Personae poems provided a perfect vehicle; one by one I re-encountered the iconics I’d been introduced to in college, whether viewing a film version of Sylvia’s life (and responding, not as a young, angry college poet, but as a poet mother), or viewing an image of Ophelia in a painting by Christine DeCamp, so innocuously titled, “The Rescue of Ophelia,” or catching ten minutes of a woman archeologist on television in tears about how the face of a female mummy (possibly Nefertiti) had been disfigured. As a captive audience, so present in my body, nursing infants, raising toddlers, I was riveted: How did these women manage to thrive? I longed for them to have second chances and longed to balance some ledger of power and beauty and agency on behalf of not only myself, but women at large.

TCJWW: How are all of the women in your poems connected?

Pryputniewicz: They are all daughters. Some are also mothers. They are all creators. The inquiry their finished creative work undertakes (via poem, sculpture, painting, or journey) matters as much as the story of what each woman overcame to get to the page, her airplane, her canvas, or what it took to break free of roles, perpetrators or lovers. Or, in the case of Thumbelina or the sisters in The Three Oranges, their imagined inquiry towards agency.

Take for example Jay DeFeo’s painting “The Rose,” which DeFeo called Deathrose and White Rose, to finally settle on simply, “The Rose.” That three title progression and her years of layering paint, wood and mica to that canvas could be said to sum up a journey many women go through in relation to their own bodies, if you consider “The Rose” as a metaphor for the female nexus: We attract lovers and hunters in a society where the line between sex and death blurs easily and girls, by media, are sexualized at younger and younger ages. Conversely, that same gateway possesses a pure potential to birth, to bring in a new life (White Rose). And yet all along that range of potential, ways of experiencing our female sexuality lives inside of us, just like DeFeo’s rose ultimately encompasses various versions of truth/inquiry she lived through on her way to creating and applying that nearly 2,000 pounds of paint to the Deathrose/White Rose/Rose. I was moved by the long entombment of “The Rose” in a basement and its eventual resurrection (Jay DeFeo and The Rose, edited by Jane Green and Leah Levy). Just as it took all manner of luminaries to resurrect that painting, it will take a cross section from each sector of society to heal what we’ve done to women and men with our polarizations, which do neither sex good.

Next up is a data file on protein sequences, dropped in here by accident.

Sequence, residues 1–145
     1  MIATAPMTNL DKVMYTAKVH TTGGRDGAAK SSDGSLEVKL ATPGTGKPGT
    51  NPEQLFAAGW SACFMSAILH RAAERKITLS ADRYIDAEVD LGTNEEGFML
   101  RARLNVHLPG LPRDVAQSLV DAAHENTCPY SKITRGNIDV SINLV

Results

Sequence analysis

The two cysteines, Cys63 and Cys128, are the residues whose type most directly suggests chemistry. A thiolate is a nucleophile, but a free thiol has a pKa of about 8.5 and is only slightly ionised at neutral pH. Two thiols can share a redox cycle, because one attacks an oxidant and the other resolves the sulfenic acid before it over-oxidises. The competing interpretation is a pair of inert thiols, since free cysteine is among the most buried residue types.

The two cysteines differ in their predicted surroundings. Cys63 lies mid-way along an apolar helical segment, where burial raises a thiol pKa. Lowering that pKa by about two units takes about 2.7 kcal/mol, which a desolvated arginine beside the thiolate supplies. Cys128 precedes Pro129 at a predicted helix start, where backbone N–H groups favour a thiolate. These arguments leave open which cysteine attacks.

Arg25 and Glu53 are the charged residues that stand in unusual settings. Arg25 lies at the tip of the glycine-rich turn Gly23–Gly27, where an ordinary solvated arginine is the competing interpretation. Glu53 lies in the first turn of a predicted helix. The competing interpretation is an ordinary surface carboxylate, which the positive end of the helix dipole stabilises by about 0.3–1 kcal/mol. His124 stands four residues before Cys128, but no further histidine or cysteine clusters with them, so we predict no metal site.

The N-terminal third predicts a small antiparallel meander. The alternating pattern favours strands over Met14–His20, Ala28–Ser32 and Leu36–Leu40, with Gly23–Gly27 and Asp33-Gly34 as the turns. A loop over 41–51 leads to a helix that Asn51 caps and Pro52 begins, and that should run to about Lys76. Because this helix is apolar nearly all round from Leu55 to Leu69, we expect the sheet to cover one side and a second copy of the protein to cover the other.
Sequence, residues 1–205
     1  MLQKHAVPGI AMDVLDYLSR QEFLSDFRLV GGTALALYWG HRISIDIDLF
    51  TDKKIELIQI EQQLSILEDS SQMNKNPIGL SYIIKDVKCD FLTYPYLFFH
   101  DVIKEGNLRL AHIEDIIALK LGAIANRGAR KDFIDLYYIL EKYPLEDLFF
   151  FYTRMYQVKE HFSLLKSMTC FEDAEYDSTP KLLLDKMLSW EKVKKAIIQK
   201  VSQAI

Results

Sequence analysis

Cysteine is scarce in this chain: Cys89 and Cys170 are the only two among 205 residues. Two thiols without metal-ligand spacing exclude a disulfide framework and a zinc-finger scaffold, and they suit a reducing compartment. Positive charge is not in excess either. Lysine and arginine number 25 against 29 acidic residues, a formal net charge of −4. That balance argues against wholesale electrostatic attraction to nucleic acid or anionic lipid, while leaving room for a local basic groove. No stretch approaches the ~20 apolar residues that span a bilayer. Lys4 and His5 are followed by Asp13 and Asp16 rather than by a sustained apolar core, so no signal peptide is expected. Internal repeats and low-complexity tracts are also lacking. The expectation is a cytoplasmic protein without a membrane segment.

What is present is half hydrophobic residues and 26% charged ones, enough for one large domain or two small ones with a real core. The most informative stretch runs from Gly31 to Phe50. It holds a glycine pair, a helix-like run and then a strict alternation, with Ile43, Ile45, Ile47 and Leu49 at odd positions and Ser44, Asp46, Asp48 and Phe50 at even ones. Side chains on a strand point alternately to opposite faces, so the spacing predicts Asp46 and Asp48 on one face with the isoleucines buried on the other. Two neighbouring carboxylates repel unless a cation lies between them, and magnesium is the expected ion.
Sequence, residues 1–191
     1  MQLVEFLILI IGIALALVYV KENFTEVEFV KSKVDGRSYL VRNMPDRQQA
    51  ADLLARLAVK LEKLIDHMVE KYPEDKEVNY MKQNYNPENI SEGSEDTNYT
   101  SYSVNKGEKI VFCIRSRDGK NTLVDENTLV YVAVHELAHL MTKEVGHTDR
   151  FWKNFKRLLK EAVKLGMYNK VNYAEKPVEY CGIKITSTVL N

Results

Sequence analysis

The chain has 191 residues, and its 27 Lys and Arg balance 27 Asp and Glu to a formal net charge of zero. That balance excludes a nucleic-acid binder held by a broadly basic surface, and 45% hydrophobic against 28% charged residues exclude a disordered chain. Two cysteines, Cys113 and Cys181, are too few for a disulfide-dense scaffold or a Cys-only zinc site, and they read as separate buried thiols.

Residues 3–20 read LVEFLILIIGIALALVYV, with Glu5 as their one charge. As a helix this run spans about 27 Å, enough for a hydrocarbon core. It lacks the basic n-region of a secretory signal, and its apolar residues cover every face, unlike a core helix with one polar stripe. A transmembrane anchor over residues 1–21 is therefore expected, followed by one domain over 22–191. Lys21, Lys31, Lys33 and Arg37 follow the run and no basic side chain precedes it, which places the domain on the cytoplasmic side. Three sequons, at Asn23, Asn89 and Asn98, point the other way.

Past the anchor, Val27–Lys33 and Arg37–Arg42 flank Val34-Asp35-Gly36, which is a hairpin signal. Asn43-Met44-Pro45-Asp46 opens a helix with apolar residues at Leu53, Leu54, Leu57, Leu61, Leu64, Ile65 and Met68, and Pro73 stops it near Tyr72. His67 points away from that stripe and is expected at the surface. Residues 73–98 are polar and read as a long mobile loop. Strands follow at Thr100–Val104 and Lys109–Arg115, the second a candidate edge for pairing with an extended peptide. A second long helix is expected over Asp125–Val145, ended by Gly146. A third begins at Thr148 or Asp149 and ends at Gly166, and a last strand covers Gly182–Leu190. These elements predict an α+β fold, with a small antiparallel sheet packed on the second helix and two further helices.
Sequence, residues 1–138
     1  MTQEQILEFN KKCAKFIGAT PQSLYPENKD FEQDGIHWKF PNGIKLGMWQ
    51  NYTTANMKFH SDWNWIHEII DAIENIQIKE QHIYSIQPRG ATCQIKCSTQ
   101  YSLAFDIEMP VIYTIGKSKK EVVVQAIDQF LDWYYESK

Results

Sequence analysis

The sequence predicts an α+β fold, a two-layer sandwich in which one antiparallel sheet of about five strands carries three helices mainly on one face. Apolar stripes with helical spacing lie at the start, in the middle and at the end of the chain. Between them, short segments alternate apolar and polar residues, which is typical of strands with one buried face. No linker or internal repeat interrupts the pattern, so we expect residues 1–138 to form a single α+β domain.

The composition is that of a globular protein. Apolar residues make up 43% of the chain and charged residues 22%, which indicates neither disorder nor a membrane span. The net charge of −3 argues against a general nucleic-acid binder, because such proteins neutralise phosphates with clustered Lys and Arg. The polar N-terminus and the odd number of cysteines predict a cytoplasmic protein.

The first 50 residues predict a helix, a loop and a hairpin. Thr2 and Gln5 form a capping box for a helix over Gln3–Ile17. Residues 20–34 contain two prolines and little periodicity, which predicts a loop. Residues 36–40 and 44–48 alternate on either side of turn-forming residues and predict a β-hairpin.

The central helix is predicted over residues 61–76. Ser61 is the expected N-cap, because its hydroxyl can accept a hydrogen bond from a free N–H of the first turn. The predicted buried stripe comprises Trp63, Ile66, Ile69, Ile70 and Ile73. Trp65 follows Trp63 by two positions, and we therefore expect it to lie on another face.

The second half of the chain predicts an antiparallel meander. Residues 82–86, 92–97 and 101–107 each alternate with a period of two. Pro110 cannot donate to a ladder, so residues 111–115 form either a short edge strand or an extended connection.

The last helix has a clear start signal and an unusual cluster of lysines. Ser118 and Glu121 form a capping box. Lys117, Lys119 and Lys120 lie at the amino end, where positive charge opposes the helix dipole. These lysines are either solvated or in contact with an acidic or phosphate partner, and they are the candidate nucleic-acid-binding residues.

Simarly, in the poem Marilyn, I couldn’t get the image of Marilyn the night she stopped breathing out of my head; the image felt psychologically resonant to me and accurate for women in my generation: the reverse birth image of woman as hummingbird, her tiny hovering head and the labial petals consuming her as if she were suffused and drowning in the very feminine that I so wished had been hers to command for longer.